No Friend Like A Sister: Anne and Phaedra in The Legend of Good Women College
In The Legend of Good Women, the God of Love predicates his definition of a “good woman” on the actions of surrounding characters rather than the protagonist herself. Being “virtuous” requires no action in these legends. Instead, it insists on a passive and emotional response to the action of a traitorous man. The construction of Dido and Ariadne in their respective legends follows the God of Love’s commands exactly. As such, Dido and Ariadne are morally good women. However, as protagonists, Dido and Ariadne are inadequate on two levels. As individuals, they lack any compelling depth. As narrative devices, they lack the complexity necessary to advance the story. In order to follow the God of Love’s instructions while still writing a cohesive legend, Chaucer creates secondary female characters in the form of sisters. Geoffrey’s crafting of Anne and Phaedra and manipulation of their development fills in the narrative gaps that “good” women necessitate. They are not antagonists, but a completion of their protagonist sisters.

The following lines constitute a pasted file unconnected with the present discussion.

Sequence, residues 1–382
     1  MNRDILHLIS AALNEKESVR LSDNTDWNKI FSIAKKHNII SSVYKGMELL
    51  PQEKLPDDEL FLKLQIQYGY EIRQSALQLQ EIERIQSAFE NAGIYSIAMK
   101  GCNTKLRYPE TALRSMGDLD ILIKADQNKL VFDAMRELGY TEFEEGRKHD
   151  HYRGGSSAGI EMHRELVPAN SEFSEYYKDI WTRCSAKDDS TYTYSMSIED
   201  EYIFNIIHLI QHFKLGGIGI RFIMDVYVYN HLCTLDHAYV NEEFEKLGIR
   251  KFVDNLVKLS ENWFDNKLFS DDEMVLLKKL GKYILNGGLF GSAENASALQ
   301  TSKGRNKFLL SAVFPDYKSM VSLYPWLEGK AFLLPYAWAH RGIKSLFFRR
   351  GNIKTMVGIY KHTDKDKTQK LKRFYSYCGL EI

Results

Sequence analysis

As individuals, Dido and Ariadne lack balance between feeling and thought. The narrator ignores their back stories, and their personalities are virtually indistinguishable. The men of the story are given...
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